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The good news is that there are already successful collaborations and that these efforts yield cost savings.
In Seattle, public health and housing leaders are working together to reduce allergens in low-income homes that can cause asthma, a scourge of low-income children that results in an estimated 13 million missed school days and $3.2 billion in treatment costs.
Mercy Housing — a nonprofit affordable housing developer — found that its San Francisco Mission Creek Senior Apartments have created a healthier environment for seniors and are saving the city almost $1.5 million a year, according to another Health Affairs study.
At a time when we must do more with less, creating similar partnerships makes fiscal sense. An unhealthy workforce adds to health care costs and is less productive. Preventing disease is cheaper than treating illness.
Yet while current collaborations are encouraging, we need to do more to make sure health is in all policies. Housing leaders and community developers must make health improvement part of their blueprint. And the health sector must work with them to build healthy communities — where the healthy choice is the easy choice.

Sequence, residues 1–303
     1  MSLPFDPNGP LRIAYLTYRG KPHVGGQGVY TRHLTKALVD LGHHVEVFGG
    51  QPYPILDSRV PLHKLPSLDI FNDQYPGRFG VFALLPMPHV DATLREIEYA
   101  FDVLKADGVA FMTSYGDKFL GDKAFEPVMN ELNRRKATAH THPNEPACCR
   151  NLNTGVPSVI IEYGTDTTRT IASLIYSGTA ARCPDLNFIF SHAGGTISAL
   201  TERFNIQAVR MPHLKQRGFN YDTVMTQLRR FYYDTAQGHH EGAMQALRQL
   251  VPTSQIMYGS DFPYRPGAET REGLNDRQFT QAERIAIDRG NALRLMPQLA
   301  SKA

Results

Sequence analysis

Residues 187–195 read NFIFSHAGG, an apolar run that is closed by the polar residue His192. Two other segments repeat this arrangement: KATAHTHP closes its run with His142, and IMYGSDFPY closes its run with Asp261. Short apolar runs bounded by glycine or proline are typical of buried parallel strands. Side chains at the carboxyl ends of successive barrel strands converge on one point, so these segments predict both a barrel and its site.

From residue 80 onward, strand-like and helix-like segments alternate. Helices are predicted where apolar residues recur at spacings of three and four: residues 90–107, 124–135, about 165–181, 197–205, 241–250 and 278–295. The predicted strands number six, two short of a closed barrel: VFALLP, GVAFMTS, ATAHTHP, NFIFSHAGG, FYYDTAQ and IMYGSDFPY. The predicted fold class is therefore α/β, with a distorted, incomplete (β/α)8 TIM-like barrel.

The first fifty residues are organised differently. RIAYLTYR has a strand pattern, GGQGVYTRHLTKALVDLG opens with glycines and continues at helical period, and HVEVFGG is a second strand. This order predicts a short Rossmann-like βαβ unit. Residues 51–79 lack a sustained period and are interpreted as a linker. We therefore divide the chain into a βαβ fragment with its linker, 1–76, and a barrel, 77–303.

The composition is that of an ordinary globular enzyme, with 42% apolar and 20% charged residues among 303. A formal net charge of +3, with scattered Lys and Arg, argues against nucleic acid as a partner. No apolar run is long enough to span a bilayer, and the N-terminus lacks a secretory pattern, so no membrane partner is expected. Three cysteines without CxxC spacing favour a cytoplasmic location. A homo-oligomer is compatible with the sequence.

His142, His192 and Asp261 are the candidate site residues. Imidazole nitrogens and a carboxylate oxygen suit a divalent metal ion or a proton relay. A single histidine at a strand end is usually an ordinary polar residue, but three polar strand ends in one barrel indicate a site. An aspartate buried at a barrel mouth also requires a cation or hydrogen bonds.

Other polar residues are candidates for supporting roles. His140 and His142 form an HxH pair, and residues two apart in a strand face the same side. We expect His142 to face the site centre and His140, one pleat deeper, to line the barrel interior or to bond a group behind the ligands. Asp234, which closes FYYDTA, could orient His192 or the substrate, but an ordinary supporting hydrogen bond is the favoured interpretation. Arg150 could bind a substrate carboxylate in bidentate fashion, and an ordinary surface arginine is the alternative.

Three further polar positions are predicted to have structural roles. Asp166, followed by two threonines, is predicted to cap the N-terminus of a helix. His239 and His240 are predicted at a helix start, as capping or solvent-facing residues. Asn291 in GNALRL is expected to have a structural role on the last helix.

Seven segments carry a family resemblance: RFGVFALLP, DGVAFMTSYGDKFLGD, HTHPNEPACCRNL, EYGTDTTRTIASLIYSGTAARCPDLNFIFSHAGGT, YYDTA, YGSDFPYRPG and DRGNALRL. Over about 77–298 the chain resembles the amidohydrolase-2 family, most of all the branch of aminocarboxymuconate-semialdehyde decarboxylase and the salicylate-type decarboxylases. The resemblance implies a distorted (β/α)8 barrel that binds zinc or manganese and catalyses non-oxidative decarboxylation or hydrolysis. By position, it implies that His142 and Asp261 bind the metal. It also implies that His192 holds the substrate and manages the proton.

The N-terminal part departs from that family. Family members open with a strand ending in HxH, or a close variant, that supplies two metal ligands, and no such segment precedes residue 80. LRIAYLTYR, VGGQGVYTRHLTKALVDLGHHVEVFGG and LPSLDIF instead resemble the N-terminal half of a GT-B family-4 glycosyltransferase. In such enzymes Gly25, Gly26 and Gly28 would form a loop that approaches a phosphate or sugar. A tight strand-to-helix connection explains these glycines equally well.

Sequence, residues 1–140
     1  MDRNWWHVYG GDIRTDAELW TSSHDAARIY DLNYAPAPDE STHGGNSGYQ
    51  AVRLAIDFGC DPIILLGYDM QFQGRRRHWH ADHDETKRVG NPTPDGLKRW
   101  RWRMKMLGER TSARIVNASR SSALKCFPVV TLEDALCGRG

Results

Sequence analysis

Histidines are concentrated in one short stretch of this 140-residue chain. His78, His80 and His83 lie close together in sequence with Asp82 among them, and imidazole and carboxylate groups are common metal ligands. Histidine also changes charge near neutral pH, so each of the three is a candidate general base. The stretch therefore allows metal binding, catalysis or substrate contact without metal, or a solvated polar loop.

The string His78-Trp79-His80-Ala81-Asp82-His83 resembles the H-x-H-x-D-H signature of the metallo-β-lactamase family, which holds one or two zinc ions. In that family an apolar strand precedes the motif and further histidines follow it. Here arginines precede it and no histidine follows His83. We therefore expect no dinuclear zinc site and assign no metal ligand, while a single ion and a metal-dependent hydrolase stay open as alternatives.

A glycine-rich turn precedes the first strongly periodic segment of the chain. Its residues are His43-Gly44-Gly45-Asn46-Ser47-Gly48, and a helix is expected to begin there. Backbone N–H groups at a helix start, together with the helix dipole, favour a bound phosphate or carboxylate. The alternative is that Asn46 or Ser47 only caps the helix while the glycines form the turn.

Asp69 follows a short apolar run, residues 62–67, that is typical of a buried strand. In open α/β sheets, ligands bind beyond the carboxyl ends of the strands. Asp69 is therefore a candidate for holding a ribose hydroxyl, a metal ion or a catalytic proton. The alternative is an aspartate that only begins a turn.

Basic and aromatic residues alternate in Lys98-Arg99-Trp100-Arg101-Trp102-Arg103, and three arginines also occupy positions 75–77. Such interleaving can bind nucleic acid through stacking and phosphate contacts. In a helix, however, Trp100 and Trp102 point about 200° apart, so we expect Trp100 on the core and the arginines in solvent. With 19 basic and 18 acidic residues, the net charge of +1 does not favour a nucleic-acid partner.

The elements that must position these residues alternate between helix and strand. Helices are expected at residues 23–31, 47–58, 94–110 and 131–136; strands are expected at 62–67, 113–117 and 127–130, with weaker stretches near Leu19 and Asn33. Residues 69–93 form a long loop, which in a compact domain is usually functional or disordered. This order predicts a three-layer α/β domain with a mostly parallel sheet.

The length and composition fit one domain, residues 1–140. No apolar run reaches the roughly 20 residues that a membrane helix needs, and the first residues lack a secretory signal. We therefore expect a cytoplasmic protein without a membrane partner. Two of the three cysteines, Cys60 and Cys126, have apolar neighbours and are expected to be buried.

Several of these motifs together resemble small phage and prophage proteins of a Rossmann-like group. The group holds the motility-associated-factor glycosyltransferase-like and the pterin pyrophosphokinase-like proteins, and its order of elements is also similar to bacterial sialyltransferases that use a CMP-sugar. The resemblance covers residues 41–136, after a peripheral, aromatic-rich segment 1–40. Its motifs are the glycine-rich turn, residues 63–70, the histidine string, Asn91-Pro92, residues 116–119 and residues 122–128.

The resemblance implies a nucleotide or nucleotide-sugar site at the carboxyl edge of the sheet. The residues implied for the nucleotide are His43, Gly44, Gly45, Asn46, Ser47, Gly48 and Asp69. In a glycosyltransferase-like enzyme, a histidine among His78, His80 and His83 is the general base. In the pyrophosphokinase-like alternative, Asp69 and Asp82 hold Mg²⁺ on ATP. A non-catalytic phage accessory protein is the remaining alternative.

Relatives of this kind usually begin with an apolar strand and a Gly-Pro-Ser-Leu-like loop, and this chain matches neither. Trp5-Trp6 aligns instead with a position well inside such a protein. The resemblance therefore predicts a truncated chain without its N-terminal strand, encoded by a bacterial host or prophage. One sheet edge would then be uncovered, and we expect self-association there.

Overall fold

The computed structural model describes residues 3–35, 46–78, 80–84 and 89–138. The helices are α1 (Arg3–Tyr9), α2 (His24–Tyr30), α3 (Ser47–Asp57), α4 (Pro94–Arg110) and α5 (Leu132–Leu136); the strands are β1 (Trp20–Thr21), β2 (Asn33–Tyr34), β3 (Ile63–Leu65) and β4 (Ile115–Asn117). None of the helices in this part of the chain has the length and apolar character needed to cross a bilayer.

How do we move forward? We propose creating an ongoing partnership between the health and housing sectors to make sure housing and community development activities are optimally designed to improve residents’ health. The affordable housing sector contributes the ability to develop affordable housing and improve neighborhoods, and the health sector supplies the research and expertise about health impacts. HUD and the Robert Wood Johnson Foundation are ready to move forward, and we hope that others will join us.
Raphael Bostic is assistant secretary for policy development and research at the Department of Housing and Urban Development. Risa Lavizzo-Mourey is president and CEO of the Robert Wood Johnson Foundation.